A Diapoeisis

it is addressed thusly:
A vision
it reads:
And the poet and the sage,
Did this dialogue engage:

"Oh, the fleeting desires of man
Which like weather-vane do turn
On a breath; And who here can
Know them at all? Or begin to learn
Their length or breadth or depth or span
Which ever change, and thus spurn
The wisest eye, most learned hand?"

"And he who sees the abyss all grim,
Does not that abyss see also him?"

"As these words are spoken through,
I see knowledge but half formed;
For it is true your heart I never knew
For your sins I've never mourned;
But what of these things is more true
This the truth we all have scorned,
This abyss for me is me, and for you is you."

"Then what of those who never could
Come to be but understood?"

"Self knowledge then, I think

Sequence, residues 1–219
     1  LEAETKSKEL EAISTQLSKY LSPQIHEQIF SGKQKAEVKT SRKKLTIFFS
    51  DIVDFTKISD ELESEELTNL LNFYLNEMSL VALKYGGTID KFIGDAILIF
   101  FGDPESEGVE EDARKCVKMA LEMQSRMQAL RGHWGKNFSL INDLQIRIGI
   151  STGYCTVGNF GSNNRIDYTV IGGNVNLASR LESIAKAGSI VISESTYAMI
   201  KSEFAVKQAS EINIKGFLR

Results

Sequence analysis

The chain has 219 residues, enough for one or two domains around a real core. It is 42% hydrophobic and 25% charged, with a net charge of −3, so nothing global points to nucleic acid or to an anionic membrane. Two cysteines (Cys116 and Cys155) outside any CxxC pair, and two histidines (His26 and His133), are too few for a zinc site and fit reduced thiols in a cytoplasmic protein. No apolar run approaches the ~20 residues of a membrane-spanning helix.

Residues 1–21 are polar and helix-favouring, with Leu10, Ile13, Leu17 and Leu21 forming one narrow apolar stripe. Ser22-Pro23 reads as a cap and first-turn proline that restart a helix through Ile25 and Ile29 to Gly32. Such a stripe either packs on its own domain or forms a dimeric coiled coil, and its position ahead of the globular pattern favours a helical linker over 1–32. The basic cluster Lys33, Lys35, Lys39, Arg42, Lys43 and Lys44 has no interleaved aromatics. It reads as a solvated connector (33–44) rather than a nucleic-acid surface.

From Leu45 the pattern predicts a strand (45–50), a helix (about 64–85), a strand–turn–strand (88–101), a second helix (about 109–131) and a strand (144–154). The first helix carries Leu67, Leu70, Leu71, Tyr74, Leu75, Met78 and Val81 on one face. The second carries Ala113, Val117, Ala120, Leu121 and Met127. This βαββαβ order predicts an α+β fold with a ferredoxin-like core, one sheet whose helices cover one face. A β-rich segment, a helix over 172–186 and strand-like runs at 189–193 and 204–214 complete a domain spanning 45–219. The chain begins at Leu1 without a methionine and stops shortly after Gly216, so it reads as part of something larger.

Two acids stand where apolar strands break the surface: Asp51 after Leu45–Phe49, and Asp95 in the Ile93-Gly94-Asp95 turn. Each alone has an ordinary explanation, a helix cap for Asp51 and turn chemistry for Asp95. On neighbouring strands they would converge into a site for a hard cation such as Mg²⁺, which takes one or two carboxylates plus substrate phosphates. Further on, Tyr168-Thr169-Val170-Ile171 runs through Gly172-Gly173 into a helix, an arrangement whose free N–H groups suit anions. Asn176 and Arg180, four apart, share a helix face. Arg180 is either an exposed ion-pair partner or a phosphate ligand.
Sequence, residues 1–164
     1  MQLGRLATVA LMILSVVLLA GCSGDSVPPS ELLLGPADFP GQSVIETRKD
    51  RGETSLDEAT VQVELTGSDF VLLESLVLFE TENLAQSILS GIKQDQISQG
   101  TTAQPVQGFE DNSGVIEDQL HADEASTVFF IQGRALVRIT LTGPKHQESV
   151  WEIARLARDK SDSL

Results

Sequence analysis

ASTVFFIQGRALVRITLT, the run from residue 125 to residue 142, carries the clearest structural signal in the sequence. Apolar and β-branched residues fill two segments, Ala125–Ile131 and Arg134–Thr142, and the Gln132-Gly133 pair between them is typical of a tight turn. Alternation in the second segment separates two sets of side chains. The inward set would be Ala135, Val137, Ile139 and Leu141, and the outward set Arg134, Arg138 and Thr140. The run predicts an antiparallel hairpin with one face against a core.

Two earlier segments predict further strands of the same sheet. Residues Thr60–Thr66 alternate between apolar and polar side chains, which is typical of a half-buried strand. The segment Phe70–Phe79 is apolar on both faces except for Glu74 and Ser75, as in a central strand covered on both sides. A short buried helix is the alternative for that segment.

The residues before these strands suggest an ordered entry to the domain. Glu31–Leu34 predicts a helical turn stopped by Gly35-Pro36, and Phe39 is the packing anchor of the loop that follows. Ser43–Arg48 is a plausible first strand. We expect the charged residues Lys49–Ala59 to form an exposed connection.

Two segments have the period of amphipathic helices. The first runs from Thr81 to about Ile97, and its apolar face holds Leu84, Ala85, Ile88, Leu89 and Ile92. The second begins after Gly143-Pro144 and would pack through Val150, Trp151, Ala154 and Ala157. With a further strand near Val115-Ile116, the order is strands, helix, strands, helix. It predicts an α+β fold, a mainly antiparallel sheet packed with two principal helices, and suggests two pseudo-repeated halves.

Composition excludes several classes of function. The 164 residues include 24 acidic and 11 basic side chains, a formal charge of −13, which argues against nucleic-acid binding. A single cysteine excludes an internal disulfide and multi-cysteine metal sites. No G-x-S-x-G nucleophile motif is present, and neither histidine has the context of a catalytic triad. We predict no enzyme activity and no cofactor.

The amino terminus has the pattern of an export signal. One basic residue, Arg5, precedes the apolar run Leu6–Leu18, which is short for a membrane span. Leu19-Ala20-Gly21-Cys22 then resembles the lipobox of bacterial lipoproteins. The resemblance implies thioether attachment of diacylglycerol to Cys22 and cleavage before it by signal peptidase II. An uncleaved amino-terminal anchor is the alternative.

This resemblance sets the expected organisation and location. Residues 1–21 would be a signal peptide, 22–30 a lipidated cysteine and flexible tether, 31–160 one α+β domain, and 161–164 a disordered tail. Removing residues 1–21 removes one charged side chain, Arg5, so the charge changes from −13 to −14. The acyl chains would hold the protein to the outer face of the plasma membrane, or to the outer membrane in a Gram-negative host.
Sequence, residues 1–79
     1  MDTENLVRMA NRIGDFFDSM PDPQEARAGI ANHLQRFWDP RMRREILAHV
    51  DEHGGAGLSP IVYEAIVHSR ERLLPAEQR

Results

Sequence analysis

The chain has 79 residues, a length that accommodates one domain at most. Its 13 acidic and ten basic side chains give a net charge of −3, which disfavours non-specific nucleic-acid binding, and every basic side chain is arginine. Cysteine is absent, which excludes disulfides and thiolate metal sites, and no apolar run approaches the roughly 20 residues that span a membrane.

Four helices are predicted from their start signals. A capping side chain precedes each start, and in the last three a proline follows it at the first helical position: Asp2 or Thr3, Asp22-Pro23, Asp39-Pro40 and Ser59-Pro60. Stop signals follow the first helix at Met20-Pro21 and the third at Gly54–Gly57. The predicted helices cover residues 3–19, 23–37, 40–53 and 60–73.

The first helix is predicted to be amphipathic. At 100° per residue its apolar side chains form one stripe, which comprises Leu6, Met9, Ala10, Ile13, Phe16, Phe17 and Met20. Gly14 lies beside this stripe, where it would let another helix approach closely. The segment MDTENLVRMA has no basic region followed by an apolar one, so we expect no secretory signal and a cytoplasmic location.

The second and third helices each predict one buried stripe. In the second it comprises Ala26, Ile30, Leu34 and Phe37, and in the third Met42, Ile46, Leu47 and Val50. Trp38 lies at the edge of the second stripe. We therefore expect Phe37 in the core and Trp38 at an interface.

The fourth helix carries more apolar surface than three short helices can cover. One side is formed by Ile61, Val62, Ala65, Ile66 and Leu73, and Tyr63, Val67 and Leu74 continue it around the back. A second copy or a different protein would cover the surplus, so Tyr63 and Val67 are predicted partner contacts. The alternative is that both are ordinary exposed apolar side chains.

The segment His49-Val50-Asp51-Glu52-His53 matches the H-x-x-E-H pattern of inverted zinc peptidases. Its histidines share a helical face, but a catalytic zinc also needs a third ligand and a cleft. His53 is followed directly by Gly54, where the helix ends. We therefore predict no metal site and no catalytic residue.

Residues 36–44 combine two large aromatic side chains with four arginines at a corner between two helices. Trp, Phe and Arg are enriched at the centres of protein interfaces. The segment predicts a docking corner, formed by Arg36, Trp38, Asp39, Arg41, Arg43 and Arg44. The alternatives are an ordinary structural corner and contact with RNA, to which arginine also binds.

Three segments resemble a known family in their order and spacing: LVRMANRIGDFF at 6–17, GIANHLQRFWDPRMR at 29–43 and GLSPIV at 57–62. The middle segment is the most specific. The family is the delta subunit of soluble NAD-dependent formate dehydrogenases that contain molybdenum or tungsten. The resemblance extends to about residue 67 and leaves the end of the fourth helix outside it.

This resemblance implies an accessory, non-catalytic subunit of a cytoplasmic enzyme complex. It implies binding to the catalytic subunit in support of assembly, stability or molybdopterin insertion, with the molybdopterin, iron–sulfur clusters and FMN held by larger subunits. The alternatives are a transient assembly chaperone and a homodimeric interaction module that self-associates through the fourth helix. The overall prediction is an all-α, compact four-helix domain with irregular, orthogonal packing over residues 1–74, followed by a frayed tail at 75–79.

Is to seek to understand
Others, and not fear the brink
Or the darkling, forgotten land
And as each, opaque as ink
Must turn to self, this key demand
Of his own, and deeply drink."

"So then to know, and thus be known
Is to be broken, lost and overthrown."

"Your couplets do express with terse
verbiage the core of what I've meant to mean
And perhaps you can with final verse
The ear of each soul cause to lean
In and hear, for better or worse
Silver-inlaid of gold, that queen
Broke-heart that broke the curse?"

"Wisdom says of knowledge but this,
Life is hid in death's cold kiss."

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